Ubuntu (the Cape Town Project) recently found its way to the Citadel Theatre here in Edmonton. The play was originally developed in South Africa in 2005 by a theatre cooperative that included the Citadel’s current artistic director, Daryl Cloran. Ubuntu had an 11-day run in our city and, having the good fortune of winning two tickets courtesy of the Council of Canadians of African and Carribean Heritage, I attended the production along with my mother on the show’s very last day.
In South Africa, a recurring dream implores Jabba to seek the help of a sangoma, a spiritual healer, who tells him to find his father, Philani, in Canada. Through flashbacks we learn details of Philani’s life – his work, his friend and mentor Michael, his relationship with bird-loving introvert, Sarah, and his very dark personal struggles. In current time, Jabba finds himself at the University of Toronto where he has fateful encounters with the individuals that literally hold the key to his father’s past. Jabba then discovers the source of his dreams and the heartbreaking, and surprising, truth he never could have imagined.
Ubuntu is about interconnectedness and can best be translated as “a person is a person through other persons” or “I am because you are.” I would come to learn that Ubuntu, as an ideology and philosophy, has already been a large part of my family’s story and Ubuntu, the play, would speak to me and my mother more than we could have predicted.
I had read that some parts of Ubuntu were going to be entirely in Xhosi. I would be lying if I said I was not slightly apprehensive whether or not my mother was going to be able to follow the unfamiliar tongue. My worries were put to rest early on when we first meet the sangoma. My mother turned to me and whispered “albularyo” which is the Tagalog (Filipino) term for a ‘folk healer.’ I supposed that the scene was all too familiar to her. In the Philippines, traditional medicine still commands a devout following. My mother may have migrated to Canada more than 40 years ago but to this day (and even after having worked in health care for over three decades), she still swears by many cures not found in any Western medicine cabinet.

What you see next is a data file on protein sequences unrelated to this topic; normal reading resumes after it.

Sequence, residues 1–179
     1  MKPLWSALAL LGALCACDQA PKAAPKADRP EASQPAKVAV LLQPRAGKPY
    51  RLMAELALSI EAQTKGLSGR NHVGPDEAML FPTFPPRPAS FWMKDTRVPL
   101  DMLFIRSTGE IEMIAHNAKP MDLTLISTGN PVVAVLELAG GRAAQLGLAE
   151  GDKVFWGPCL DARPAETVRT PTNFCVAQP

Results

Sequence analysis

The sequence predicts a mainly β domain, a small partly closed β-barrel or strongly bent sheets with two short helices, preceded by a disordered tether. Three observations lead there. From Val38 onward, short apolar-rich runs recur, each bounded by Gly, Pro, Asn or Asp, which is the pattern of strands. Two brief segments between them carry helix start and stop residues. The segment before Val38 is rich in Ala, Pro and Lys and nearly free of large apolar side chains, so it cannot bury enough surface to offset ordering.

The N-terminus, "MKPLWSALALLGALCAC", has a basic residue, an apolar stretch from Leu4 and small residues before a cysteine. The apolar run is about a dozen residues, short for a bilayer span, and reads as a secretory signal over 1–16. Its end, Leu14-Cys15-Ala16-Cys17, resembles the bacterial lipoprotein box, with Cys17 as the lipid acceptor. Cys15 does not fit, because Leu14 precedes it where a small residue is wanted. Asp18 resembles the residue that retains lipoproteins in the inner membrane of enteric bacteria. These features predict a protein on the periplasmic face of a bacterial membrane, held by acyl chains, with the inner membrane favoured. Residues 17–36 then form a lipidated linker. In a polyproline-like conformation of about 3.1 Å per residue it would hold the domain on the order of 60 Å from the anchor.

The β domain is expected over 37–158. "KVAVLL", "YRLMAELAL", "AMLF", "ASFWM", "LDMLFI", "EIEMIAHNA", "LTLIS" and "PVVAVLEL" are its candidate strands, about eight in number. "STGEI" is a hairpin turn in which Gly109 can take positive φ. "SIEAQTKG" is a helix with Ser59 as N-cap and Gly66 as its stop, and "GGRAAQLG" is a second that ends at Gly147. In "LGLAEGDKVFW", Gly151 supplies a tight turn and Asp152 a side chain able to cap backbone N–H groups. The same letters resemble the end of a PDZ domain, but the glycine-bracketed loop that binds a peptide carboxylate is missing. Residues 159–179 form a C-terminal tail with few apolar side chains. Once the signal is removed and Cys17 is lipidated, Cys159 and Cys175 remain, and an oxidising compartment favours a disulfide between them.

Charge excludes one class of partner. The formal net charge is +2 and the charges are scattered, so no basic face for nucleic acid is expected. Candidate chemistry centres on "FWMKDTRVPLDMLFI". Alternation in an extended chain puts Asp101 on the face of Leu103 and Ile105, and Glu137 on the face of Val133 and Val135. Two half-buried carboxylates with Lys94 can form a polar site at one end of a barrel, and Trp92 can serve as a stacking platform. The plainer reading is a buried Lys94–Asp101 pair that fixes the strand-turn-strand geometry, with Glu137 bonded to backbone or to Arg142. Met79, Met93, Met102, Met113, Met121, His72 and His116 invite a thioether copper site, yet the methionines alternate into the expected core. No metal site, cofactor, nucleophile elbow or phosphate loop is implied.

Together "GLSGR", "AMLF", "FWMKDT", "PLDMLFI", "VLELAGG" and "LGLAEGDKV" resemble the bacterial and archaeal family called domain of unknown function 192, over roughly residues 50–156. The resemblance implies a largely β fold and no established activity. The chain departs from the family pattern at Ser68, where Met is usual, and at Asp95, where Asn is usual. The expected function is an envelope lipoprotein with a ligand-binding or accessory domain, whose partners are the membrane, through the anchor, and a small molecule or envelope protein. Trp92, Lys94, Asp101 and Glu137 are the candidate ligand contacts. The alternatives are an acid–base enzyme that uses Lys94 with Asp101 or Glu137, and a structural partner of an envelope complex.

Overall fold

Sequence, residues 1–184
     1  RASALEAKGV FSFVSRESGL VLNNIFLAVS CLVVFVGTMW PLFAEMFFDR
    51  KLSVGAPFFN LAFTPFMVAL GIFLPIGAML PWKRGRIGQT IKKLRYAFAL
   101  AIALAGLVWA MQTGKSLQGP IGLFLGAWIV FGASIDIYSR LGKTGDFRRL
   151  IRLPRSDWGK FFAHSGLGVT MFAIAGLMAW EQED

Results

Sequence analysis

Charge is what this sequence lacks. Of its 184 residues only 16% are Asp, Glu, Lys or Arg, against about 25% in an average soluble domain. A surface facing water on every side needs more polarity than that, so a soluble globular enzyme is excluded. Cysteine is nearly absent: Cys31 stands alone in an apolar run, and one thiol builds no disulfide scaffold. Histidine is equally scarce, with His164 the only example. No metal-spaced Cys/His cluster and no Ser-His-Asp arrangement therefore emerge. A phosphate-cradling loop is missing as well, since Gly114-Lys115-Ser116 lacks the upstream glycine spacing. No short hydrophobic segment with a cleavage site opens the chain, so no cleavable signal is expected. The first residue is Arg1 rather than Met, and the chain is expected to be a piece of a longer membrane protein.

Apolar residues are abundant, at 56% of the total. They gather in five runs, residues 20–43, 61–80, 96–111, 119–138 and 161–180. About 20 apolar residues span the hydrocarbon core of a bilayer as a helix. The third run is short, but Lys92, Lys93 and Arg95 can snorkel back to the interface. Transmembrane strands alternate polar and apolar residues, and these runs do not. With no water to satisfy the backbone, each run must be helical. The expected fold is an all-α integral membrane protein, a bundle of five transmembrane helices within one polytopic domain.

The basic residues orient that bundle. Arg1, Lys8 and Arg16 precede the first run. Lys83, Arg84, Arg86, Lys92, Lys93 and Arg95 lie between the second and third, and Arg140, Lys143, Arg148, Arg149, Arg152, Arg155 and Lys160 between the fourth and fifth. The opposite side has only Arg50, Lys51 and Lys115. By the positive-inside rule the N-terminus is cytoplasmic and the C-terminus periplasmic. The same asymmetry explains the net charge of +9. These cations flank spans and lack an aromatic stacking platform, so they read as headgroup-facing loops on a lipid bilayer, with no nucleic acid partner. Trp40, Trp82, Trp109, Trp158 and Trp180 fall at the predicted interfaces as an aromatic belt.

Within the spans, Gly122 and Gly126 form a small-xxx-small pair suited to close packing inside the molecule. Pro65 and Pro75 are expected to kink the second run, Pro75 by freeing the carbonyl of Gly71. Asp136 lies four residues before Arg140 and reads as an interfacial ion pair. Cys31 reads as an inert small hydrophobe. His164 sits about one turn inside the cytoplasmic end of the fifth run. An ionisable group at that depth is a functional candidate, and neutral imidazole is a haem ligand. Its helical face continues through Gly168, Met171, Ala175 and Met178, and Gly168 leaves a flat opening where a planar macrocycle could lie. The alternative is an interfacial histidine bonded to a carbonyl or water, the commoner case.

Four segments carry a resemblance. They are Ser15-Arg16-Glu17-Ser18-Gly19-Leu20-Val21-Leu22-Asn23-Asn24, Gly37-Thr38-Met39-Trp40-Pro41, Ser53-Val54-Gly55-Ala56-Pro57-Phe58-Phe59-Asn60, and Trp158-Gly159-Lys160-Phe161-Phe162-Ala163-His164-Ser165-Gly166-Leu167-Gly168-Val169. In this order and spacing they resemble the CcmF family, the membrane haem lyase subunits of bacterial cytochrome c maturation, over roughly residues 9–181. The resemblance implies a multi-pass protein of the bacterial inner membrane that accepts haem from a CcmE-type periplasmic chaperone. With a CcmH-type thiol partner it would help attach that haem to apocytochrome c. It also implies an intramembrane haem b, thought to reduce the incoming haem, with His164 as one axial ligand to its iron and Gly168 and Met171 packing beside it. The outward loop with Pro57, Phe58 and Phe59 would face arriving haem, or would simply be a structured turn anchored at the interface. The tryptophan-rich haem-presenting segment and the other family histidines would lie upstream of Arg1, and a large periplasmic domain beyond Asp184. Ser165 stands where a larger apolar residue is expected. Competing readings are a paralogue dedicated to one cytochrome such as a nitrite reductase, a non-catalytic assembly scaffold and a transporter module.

As the play went on, I realized that my mother might have seen herself in Ubuntu’s father and son. She was Jabba, who never knew his father; my grandmother left my grandfather, my mom and my mom’s younger sister in tow. She was also Philani, who came to Canada to better himself and who sent money to family back home; my mother did the same even while she struggled in a foreign land. A major turning point in Ubuntu was when Philani was told by his otherwise supportive friend Michael to keep a lid on his beliefs. He was not to discuss his reliance on traditional South African healing and the guidance of his dead ancestors on account of these being “primitive” and “laughable.” This rightfully offends Philani and causes him to spiral into his own head and away from his loved ones.
I imagine that upon their arrival in 1970s Alberta, my mother and father (and countless other immigrants before and after them) were faced with a set of similar reactions and, maybe, experienced similar forms of retreat. After the play I posted this excerpt on social media: “Having a family that is born from many different cultures and that came from various parts of the world…one line from (Ubuntu)…will stay with me forever: ‘You belong to a lot of people, don’t make that a bad thing.’”
My husband and I have two children that most certainly “belong to a lot of people.” Our respective families are rooted in the Philippines, Spain, Trinidad and Tobago, Guyana and Venezuela. One day our children may find themselves conflicted about their identities or their place in the world given their mixed cultures. As our parents did for us, we will guide them in finding the right balance between the obligations to their ancestry and the responsibilities of their citizenship.
In the final scenes of the play, it becomes clear to the characters that, despite all the chaos and confusion, Ubuntu is the blessing that drew each of them to one another. For our children, and children like them, my hope is that they, too, fully realize the awesomeness of “belonging to a lot of people”; that they consider it a blessing to be interconnected to so many other parts and people of the world; and that one day they may see themselves as the very essence of Ubuntu.
Submitted by: Jeanette Dotimas, Parent & CCACH Supporter
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